The Yankees and, in particular, Brian Cashman, unilaterally fired their manager of ten years the other day. It was classless and inexcusable, and it puts a damper not only on the 2017 season but the storied nature of the organization as a whole.
The Yankees 2017 season did not end well. But with the exception of one widely covered faux pas by Joe Girardi in the ALDS, for which he was later redeemed by his players, the Yankees season, good and bad, rests solely with the 25 players who took the field, day in and day out, for 175 games this year.
Yankees: It’s the how and not the why
It’s not so much the Yankees wanted to part ways with Girardi, although we could spend hours discussing the merits of their decision. Instead, it all about the manner of how they executed their judgment.
Girardi gave the organization ten years of service. He was paid handsomely for his efforts, signing a four-extension in 2013 worth $16 million. So, that’s a wash between giving and taking. But if ever forget that baseball is a business, there is always a glaring episode like this one, reminding us why there’s no crying in baseball.
Girardi hemmed and hawed his way through the latter days of the season and the playoffs, telling the media he and his family would sit down after the season to make a “family” decision. In the end, from Girardi’s perspective, there was no doubt he decided to return to the Yankees as seen in an emotional press conference video.
And here’s ESPN’s take on the breaking news of that day:
Instead, Brian Cashman, who himself has a job on the line with an expiring contract, with the tacit approval of Yankees managing partner, Hal Steinbrenner, chose to forge ahead by dismissing Girardi when other scenarios achieving the same result were available.
Why not, for instance, let Girardi know the organization wanted to move in that proverbial “different direction” teams conveniently use when they have no other reason to justify their decision to do so. And say, we both agree it’s time for a change in a dual communication to the media. Girardi, after all these years as both a player and manager, would have played along and the “taste” of his dismissal would have been entirely different.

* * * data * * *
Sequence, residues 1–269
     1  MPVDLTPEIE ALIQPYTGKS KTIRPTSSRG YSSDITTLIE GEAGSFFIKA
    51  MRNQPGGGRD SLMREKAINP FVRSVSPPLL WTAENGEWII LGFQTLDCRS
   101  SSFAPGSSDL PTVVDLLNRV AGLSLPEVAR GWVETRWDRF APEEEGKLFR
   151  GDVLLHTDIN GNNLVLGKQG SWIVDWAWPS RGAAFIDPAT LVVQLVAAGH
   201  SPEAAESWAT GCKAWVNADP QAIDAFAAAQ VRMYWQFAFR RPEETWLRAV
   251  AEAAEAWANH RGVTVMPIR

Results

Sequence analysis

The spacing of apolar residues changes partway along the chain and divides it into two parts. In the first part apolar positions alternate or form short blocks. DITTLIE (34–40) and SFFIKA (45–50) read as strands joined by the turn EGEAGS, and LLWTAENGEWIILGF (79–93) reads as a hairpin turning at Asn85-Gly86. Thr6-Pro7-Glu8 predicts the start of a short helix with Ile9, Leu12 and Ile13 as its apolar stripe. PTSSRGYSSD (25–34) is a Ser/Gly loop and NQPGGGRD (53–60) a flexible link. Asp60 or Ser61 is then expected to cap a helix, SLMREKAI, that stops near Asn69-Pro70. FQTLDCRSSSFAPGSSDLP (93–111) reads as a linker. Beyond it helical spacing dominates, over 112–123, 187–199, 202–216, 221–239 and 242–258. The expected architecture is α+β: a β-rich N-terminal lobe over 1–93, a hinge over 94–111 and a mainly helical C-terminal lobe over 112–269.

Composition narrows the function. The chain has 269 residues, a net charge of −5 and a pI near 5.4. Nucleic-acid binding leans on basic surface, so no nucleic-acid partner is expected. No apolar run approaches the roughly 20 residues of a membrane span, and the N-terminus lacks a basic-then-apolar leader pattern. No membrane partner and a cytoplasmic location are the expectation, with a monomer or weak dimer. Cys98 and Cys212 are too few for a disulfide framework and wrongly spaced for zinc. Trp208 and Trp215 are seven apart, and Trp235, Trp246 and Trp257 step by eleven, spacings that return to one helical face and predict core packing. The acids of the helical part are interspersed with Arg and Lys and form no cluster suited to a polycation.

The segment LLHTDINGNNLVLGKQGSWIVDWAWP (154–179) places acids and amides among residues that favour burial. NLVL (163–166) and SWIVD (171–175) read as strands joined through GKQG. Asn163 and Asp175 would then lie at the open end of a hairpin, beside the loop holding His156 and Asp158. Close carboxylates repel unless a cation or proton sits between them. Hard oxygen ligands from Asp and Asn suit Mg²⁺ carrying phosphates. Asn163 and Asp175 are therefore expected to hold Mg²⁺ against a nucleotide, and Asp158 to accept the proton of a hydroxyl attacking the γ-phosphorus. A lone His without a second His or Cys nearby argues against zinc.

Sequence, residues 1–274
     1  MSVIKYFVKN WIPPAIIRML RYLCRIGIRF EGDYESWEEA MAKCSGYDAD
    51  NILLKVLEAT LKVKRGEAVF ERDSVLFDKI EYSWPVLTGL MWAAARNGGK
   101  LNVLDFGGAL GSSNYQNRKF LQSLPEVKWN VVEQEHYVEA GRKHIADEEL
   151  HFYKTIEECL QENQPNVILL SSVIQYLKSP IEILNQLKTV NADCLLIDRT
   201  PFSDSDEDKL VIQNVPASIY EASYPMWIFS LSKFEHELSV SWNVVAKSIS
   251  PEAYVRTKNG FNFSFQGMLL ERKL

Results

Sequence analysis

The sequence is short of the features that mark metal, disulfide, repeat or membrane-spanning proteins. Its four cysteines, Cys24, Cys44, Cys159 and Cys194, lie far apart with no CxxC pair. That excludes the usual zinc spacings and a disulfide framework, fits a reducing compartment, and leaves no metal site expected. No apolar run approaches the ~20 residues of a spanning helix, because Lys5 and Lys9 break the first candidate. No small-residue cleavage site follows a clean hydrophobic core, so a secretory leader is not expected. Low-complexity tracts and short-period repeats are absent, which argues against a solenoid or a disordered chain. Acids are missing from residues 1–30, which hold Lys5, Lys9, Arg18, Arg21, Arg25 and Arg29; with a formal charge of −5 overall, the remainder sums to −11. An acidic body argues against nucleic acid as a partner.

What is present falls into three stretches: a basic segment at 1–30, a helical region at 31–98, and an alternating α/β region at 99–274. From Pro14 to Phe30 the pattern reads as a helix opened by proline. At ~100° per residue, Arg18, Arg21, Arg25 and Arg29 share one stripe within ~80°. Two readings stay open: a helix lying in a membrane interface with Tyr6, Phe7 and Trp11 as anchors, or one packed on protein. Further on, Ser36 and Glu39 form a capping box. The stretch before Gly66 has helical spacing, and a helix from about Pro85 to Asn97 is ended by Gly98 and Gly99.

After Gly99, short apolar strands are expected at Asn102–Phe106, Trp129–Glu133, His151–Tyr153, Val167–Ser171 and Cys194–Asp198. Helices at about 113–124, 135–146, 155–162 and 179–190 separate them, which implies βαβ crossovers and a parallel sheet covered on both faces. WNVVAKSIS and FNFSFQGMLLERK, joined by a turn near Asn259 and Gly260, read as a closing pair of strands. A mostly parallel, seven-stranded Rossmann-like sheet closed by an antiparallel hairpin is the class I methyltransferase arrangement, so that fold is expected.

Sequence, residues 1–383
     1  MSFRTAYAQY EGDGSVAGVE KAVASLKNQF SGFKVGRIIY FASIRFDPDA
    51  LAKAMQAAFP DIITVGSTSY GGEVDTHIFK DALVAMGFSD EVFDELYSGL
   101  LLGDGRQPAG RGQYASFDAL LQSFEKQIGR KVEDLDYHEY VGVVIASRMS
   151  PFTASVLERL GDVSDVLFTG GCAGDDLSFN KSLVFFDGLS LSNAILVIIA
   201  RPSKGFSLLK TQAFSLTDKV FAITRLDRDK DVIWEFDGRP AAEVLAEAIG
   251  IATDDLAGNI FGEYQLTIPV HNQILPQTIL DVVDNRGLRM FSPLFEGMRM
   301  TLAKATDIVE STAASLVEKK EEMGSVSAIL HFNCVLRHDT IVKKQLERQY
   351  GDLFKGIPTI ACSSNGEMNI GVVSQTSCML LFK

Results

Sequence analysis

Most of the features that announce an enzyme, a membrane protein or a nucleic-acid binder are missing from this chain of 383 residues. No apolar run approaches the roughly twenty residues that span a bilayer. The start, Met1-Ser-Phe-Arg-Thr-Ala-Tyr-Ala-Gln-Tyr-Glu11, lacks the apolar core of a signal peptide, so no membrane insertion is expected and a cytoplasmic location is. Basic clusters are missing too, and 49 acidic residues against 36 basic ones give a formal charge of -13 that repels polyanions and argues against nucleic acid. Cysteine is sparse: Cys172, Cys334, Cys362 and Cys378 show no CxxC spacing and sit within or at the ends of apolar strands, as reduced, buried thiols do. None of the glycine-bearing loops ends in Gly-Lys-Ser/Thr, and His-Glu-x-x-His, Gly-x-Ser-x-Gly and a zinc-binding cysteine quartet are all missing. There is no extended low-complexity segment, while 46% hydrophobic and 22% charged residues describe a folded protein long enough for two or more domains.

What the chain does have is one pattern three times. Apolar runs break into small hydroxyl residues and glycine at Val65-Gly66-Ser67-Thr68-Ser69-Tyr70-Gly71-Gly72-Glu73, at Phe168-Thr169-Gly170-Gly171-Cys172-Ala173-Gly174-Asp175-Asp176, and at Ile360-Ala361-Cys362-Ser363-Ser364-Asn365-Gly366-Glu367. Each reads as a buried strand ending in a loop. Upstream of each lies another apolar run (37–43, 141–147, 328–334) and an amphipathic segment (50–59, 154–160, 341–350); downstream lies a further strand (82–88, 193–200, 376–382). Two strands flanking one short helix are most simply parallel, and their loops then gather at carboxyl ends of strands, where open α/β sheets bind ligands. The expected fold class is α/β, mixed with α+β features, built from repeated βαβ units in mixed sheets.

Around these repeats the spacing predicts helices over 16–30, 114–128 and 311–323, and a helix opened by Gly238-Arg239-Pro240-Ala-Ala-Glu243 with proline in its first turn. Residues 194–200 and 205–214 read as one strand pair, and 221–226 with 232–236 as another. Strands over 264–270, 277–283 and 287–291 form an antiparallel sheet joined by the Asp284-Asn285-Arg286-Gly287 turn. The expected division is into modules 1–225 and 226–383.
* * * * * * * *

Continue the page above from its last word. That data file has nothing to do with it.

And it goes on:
The reaction came quickly to the firing of Girardi, and let’s be sure with the wording because he was fired, from several former and current Yankees players, including this excerpt from Johnny Damon:
And from David Robertson, who Tweeted: “Thank you, Joe. My career wouldn’t have been the same without you,” said Robertson. “It was a privilege.”
Say what you want about Girardi. Some former players, like Mark Teixeria, who is now a FOX analyst, believes Girardi was let go because he was “too intense”:
Yeah, maybe. But when you represent the New York Yankees, “intense” is part of the package you sign up to. How else do you account for a team seeking their twenty-seventh world championship?
Yankees focus shifts to Cashman
In any event, the team has embarked on a different path for the 2018 season. And the first, and most crucial decision perhaps, the organization will make is the appointment of a new field leader.
And if I were Hal Steinbrenner, I would wait out any announcement regarding Cashman’s contract situation until the man who let Girardi go comes up with a qualified replacement, even if it means that Cashman works without a contract until he rebuilds what he has destroyed.
Because all eyes are on Cashman now. Yankees fans are restless as they should be. Do tell us Brian, who is the man better than Joe Girardi to pilot the team in 2018.